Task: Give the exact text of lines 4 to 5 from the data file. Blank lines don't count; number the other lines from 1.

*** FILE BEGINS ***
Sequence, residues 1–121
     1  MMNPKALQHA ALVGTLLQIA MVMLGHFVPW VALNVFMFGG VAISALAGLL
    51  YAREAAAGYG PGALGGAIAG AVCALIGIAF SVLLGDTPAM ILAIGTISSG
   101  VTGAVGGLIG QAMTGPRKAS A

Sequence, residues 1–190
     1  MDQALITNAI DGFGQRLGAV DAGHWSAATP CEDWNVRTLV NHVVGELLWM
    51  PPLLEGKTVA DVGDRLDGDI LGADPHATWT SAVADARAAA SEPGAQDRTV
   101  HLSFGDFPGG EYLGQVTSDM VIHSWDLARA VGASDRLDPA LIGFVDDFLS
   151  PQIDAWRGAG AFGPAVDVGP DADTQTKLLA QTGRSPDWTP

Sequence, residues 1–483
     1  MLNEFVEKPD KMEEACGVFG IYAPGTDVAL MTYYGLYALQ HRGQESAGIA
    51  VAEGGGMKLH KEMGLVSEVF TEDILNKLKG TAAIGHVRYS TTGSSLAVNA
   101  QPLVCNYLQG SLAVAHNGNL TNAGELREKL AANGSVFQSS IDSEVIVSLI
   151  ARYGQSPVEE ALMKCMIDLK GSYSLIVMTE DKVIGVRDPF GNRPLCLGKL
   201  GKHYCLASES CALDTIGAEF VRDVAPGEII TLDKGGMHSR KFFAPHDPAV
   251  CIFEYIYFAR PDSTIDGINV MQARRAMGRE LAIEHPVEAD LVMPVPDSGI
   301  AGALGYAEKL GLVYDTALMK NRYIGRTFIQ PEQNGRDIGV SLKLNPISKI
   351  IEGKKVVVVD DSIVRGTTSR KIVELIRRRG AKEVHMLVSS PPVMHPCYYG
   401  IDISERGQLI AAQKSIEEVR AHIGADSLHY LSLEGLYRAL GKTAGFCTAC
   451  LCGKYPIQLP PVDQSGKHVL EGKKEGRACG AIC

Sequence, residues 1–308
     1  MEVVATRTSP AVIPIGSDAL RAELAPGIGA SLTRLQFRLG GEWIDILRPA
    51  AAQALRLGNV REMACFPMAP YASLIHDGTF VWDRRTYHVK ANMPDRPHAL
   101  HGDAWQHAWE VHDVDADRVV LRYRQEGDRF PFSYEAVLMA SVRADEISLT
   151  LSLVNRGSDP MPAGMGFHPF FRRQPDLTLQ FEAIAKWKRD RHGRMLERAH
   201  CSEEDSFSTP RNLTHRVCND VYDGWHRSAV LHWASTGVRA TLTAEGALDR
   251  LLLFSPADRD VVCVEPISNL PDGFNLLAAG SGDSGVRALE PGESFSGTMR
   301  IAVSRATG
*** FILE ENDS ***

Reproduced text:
   101  VTGAVGGLIG QAMTGPRKAS A

Sequence, residues 1–190